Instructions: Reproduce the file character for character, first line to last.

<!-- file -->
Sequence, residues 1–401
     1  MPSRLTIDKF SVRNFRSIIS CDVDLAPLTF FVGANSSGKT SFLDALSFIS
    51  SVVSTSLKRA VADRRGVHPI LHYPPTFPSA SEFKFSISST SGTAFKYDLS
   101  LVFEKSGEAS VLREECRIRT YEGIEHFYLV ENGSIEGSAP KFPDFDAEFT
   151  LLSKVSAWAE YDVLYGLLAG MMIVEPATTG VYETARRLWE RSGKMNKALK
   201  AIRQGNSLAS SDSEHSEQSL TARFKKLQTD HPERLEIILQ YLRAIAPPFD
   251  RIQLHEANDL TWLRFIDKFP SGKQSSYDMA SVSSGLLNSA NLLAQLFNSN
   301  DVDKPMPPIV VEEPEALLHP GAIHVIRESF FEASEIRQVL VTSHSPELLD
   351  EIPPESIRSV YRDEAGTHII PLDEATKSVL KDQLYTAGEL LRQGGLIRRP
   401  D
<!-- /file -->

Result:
Sequence, residues 1–401
     1  MPSRLTIDKF SVRNFRSIIS CDVDLAPLTF FVGANSSGKT SFLDALSFIS
    51  SVVSTSLKRA VADRRGVHPI LHYPPTFPSA SEFKFSISST SGTAFKYDLS
   101  LVFEKSGEAS VLREECRIRT YEGIEHFYLV ENGSIEGSAP KFPDFDAEFT
   151  LLSKVSAWAE YDVLYGLLAG MMIVEPATTG VYETARRLWE RSGKMNKALK
   201  AIRQGNSLAS SDSEHSEQSL TARFKKLQTD HPERLEIILQ YLRAIAPPFD
   251  RIQLHEANDL TWLRFIDKFP SGKQSSYDMA SVSSGLLNSA NLLAQLFNSN
   301  DVDKPMPPIV VEEPEALLHP GAIHVIRESF FEASEIRQVL VTSHSPELLD
   351  EIPPESIRSV YRDEAGTHII PLDEATKSVL KDQLYTAGEL LRQGGLIRRP
   401  D